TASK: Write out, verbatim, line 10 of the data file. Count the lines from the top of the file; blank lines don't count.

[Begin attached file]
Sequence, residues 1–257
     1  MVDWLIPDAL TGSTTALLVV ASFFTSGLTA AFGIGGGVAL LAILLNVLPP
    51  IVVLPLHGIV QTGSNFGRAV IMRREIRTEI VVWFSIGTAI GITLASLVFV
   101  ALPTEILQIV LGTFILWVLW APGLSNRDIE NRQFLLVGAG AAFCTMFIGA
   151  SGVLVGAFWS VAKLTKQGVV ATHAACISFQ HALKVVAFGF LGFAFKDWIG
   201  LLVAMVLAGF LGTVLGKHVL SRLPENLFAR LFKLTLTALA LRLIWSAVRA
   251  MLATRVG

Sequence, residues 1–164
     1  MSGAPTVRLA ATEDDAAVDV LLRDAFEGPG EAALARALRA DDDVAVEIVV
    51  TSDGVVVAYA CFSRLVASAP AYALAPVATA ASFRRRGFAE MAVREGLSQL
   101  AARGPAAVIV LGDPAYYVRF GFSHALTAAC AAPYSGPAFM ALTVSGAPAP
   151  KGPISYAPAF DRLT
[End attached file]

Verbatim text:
    51  TSDGVVVAYA CFSRLVASAP AYALAPVATA ASFRRRGFAE MAVREGLSQL